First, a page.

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Contact Centres – have they become a customer service irritation?

3dmancallcentrePublished in the March 2015 edition of Customer Experience Magazine – written by Jacci Wright of New Chapter Learning.

Here’s my personal take on a topic that is close to my heart – and it comes from the heart.

 

I was lucky enough to be one of the first 30 telephone operators to go live in the first contact centre for a major UK bank back in the mid 90’s. And oh boy, have things changed since then!

 

A noble aim, to provide a 24/7 service for customers to do basic transactions over the phone, freeing them from the worry of getting to the branch during working hours. Customers could transfer money at 3 am or pay a bill during Emmerdale. And the bank has the pressure on queues in the network alleviated. Win win.

 

From a customer’s point of view, contact centres offer convenience. We get to transact and talk to the business offering the service at a time and location that is best for us. I love the whole concept of a contact centre purely for that reason. Most people lead very busy lives and squeezing us much as possible out of the time available is what we as consumers are looking to do, with every increasing efficiency. So contact centres should be an ideal solution don’t you think?

 

Well, the idea is great. And when they were first available they fulfilled the brief quite nicely. Customers got to speak to real people who could do the things they said they could do. I remember having excellent training for a total of 6 weeks before I got to take a call and the tasks I had were simple and easily done. The contact centre got busier as customers discovered how convenient we were and more services were made available, a trend that I am sure is the case for every one that has ever been opened.

 

Before you know it, there are more calls than people to take the calls, pressure is put on the operators to keep the calls short and staff turnover rockets. Training is cut short to get people on the phones quicker. The customer experience has been forgotten because the imperative is to get the calls answered within the target time. The contact centre has become a millstone around the neck of the provider and the service is getting poorer by the day.

 

So what has been the solution? Make it automated! Customers can self-serve and choose what they want to do! Let them press the buttons and navigate the lists, surely that will satisfy them – well at least they won’t have to wait! Or, lets provide a sifting system where they press the buttons and choose the service they want to make sure we have the right number of staff available to take their call with the right skills to answer it.

 

How short sighted this approach is. I have said that I love the concept of contact centres and this is still true. Convenience is the key for me and with online and stores or branches to visit I can choose how I wish to do business. But sometimes the phone is the only option, especially if I want to complain or change the basis of the service I have with that business. Even more so when it’s the only option available.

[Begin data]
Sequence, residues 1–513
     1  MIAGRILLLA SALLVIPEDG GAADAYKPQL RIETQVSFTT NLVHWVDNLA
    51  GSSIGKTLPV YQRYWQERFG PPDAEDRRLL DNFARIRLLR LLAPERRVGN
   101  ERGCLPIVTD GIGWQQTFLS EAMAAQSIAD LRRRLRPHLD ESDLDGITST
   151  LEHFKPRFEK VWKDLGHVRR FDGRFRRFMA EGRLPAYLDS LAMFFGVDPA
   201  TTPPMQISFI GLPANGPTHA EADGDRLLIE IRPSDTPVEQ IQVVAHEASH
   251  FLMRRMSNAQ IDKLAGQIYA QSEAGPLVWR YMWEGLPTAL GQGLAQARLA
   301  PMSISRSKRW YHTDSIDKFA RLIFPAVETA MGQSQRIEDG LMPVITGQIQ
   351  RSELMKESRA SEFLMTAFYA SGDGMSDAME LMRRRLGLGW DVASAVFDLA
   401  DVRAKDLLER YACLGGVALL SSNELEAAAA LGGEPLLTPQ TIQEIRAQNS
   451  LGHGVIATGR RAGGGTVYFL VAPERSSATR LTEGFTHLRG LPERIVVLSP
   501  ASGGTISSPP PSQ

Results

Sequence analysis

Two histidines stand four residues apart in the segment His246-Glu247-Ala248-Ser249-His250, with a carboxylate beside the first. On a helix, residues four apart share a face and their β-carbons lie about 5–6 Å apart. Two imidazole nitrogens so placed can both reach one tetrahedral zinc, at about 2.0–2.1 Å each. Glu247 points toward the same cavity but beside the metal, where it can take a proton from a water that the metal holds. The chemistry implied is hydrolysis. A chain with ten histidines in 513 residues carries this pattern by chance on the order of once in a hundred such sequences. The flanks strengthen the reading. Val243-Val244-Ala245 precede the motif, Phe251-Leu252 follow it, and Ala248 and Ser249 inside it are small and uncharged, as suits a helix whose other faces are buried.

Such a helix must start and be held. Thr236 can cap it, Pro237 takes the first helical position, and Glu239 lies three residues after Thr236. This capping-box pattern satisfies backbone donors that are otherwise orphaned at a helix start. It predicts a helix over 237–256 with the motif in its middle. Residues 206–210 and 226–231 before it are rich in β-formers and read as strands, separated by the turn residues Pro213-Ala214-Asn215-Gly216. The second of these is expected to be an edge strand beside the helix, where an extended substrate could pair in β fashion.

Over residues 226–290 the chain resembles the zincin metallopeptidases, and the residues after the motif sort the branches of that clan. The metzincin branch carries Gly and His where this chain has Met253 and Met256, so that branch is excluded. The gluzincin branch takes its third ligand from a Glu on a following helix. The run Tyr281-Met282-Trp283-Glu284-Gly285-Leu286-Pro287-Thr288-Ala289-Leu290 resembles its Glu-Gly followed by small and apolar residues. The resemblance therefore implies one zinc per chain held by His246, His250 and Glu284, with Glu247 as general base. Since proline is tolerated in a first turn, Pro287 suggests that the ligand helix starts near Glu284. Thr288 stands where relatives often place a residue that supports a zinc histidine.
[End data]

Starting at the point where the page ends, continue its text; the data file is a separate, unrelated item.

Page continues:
I am happy to pick up the phone and call – but then I sink in my chair. What sort of experience am I going to have? Will I have to choose from 5 options on 3 levels and then wait while my call is important to them? Or, will none if the options fit my particular enquiry? Will the call be at a premium rate and cost me several pounds or maybe the operator will be poorly trained and not know anything outside of their own quickly trained tiny bit of the process? If I went into the store instead of calling them they wouldn’t make me walk through several doors before getting to the counter so why am I made to do it on the phone?

 

As a customer I am doing all of the legwork and, scarred by previous encounters I am ready for anything but a pleasant experience. Surely this can’t be right! It appears that many contact centres have become so far removed from the original concept that the businesses providing them have lost sight of their purpose. They have become a customer service irritation machine that can have a negative impact on how that business is perceived by its customers.

 

I am happy to say that some businesses are getting to grips with what a contact centre should be as a service to their customers. Short lists, and for the most brave, completely absent ‘choose your service’ lists to negotiate. The call goes straight through to a person who is able to help with almost everything. Well trained and knowledgeable with the autonomy to deal with your enquiry there and then.

 

Remember, I have chosen to call because I want to speak to someone. Someone who will listen and act, who will understand and pay attention to me, who will treat me as the valuable asset to their business that I am.

 

If a business is going to offer a contact centre service for their customers they need to know what their customers will use it for and commit to providing it. Make it easy to use and give it as much importance as every other channel. Start with the customer experience and not just what the service can offer to take the pressure off elsewhere in the business. Make it a real winner for the business and give your customers a reason to love you.

 

Article published in the March edition of Customer Service Magazine

 

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